FCA and CIF are two of the 11 delivery systems utilized worldwide. What are the distinctions between the FCA and CIF concepts?
There are numerous notable concepts in global trade. International transportation delivery techniques are structured in such a way that the buyer and seller have specific responsibilities. FCA and CIF are two of the 11 delivery systems utilized worldwide. What are the distinctions between the FCA (Free Carriere) and CIF (Cost, Insurance, and Freight) concepts?
Cost, insurance, and freight (CIF) is an international shipping term that refers to the expenses that include carriage and insurance paid by the seller while the cargo is on its route to the port of origin. The import process and the costs associated with clearing the shipment and delivering the products to the final destination are indeed the responsibility of the buyer.
CIF is commonly utilized for large, oversized, or heavy shipments. Cost, insurance, and freight are solely applicable to sea or water shipments and do not apply to other forms of transportation. This transportation technique is most commonly applied when shipping full containers.
The items are shipped to the destination port in the sales contract. Any loss or damage to the product remains the seller's responsibility until the goods are delivered to the destination port. When the products arrive at the port of destination, the buyer is responsible for any fees or expenses associated with unloading and conveying the cargo to the final destination. Furthermore, the buyer is liable for the cost of the goods, import clearance and related costs, and shipment from the point of origin.
CIF specifies the seller's liability for delivering the goods to the buyer. The seller is responsible for obtaining export approvals for the product. The seller should cover the cost of any damage or destruction to the items, and provide product inspections. When the items arrive at the port of destination, the buyer becomes responsible for the costs of importing and delivering the commodities. The buyer’s responsibilities are covering the unloading of the product at the port terminal, as well as the customs tax costs and importing of the products.
FCA is the abbreviation of the term Free Carrier. It means that the seller delivers goods to the carrier by stating the location of delivery in his country in international trade. FCA is known as a mode of transportation in which the buyer bears the majority of the responsibility.
Under FCA, the seller provides the products to the transport company, which is packed in line with international transport regulations. The seller provides the necessary information for delivery by identifying the delivery location. In the meantime, the seller is accountable for all procedures, including local shipping expenses and export requirements. The seller's obligation is to deliver the products completely to the carrier selected by the buyer. After completing the relevant formalities, the seller transfers the goods. With the transmission of the products, the buyer assumes full liability. The FCA delivery method can be defined as a delivery method in which the risks are undertaken by the buyer.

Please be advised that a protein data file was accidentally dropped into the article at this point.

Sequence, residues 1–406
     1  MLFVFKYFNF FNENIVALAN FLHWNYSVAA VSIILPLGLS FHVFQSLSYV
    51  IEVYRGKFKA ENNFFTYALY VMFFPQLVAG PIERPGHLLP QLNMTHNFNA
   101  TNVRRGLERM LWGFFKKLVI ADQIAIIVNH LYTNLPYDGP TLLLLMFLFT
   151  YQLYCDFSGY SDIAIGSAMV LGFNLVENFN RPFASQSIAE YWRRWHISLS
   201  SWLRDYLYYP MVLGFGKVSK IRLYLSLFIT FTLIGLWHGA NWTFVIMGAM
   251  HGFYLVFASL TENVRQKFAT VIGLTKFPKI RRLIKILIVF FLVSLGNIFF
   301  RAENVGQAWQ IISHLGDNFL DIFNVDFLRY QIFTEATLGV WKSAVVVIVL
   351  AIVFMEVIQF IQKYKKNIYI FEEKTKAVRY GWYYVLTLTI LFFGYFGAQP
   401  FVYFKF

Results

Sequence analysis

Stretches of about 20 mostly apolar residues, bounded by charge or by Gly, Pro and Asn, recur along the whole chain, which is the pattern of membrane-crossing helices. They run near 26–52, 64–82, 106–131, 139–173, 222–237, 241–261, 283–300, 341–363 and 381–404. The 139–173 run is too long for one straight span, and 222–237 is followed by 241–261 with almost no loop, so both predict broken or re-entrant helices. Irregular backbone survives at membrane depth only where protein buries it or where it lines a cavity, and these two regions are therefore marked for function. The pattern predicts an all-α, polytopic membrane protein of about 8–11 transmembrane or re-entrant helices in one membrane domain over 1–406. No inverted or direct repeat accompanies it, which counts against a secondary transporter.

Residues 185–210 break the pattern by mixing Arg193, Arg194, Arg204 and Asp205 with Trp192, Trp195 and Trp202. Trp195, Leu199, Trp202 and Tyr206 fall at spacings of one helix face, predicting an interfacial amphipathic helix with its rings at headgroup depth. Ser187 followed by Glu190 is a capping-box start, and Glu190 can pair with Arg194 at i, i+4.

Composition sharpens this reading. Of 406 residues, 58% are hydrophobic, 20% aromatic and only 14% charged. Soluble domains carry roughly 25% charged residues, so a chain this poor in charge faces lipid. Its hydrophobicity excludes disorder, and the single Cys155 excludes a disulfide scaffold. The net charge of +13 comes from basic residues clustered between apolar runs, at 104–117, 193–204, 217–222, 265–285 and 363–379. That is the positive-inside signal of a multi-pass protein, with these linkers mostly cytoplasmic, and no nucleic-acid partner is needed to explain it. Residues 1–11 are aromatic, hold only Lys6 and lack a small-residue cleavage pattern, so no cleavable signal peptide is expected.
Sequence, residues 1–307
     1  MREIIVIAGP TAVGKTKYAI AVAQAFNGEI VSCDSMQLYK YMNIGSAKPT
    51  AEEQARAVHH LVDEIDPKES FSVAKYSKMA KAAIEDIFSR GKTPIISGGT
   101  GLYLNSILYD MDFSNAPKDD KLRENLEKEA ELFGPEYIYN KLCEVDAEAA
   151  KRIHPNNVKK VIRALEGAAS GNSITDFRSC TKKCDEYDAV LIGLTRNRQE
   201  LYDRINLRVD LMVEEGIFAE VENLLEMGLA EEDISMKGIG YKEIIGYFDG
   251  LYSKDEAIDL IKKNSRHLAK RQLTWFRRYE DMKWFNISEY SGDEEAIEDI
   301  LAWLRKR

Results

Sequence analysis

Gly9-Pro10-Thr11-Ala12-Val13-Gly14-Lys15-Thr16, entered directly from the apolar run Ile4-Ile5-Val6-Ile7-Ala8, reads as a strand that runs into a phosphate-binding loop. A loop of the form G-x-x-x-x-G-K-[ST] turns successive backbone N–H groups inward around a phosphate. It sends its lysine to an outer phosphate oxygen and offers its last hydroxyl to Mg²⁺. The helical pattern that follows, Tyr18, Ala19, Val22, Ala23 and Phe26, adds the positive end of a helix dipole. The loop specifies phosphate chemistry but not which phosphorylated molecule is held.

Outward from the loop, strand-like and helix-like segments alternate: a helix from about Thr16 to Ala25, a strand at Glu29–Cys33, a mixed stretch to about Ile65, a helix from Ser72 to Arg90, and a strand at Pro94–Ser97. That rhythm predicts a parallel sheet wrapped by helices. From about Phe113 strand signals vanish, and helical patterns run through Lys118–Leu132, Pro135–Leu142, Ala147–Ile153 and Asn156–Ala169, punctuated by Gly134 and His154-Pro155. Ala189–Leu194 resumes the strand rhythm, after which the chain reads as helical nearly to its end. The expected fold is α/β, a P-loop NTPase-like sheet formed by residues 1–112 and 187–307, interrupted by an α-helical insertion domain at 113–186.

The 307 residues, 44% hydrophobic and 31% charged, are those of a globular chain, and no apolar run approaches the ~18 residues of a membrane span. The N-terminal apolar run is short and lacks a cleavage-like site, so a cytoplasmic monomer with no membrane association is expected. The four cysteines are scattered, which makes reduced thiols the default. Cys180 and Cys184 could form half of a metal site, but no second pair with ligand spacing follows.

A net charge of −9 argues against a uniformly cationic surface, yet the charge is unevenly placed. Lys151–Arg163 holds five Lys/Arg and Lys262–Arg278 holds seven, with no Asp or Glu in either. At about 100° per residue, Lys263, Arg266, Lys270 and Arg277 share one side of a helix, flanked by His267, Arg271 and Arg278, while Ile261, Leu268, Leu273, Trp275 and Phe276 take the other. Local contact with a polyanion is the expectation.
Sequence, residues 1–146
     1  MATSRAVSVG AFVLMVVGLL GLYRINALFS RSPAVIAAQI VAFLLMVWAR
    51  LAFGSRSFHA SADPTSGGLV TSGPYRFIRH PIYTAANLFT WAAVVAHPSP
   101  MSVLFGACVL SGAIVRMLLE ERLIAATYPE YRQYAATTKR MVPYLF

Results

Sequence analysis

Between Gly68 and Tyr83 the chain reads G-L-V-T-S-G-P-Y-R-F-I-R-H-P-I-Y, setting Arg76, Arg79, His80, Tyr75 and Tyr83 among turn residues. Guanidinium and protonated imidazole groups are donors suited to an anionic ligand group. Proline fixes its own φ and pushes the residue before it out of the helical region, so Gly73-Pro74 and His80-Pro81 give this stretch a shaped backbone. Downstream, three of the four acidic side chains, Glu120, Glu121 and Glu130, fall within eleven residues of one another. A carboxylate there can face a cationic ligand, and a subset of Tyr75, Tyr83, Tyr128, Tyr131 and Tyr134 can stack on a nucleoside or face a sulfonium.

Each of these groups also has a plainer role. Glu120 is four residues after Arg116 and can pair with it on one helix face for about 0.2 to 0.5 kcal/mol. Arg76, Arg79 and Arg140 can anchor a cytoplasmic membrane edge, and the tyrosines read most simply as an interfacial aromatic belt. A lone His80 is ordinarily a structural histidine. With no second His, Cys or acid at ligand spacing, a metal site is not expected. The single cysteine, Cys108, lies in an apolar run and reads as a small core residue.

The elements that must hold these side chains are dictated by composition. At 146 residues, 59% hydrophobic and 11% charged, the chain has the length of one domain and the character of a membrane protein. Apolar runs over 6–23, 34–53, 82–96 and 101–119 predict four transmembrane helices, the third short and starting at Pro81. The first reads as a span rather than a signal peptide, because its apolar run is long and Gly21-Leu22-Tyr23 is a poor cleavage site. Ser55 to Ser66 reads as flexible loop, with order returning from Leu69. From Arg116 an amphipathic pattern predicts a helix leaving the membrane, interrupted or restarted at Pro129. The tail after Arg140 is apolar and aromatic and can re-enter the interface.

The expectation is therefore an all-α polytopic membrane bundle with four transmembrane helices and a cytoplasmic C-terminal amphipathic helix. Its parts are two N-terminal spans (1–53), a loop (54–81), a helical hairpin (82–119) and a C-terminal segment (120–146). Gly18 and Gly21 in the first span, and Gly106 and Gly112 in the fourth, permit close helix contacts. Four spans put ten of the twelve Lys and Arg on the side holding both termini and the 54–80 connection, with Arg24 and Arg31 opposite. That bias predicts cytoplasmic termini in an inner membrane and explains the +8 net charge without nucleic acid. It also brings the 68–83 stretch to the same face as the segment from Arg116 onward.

The seller is principally obligated in this mode of delivery to prepare the goods under the order as required. Some items necessitate specific packaging and packing, whilst others do not. The packing procedure differs based on the product. According to international dangerous goods shipping regulations, it is the seller's responsibility to control the quality of the goods.
During the export of the goods, the seller who prepares the goods provides the relevant permits. The seller's responsibility ceases after the customs processes are completed and the paperwork is delivered. Product delivery occurs at the location agreed upon with the buyer's shipping firm. Expenses such as internal transportation and loading incurred prior to delivery are entirely the seller's responsibility.
All risks pass to the customer after the seller delivers the items. As with other kinds of delivery, it is the buyer's responsibility to pay the price of the products as agreed in the contract. Any damage incurred in transit is the buyer's responsibility. In order to decrease the chance of such occurrences, the buyer obtains products and transportation insurance. The buyer is also responsible for customs and tariffs in the country where he is located, in addition to the freight cost.
The seller is responsible for the delivery and shipment manner agreed upon in advance with the customer in FCA delivery mode. Regarding that, the buyer assumes accountability. The seller is responsible for all costs until the goods arrive at the point of destination under the CIF agreement. When the products are ready for transport, the customer bears all risks.
Another distinction is the variation in transportation routes. CIF is a limited delivery regulation that is exclusively applicable for products transported by water. However, FCA delivery standards apply to all modes of transport, including land, sea, and air. Under CIF conditions, the exporter covers the majority of the transportation costs and has complete control over the freight. Nevertheless, under FCA regulations, the exporter has no control over the major mode of transportation.
The exporter is required to cover the costs of shipping the products to the specified location in the importer's country under the CIF delivery terms. However, under FCA terms of delivery, the exporter covers the expense of the products' transportation when they are loaded onto the carrier specified by the importer.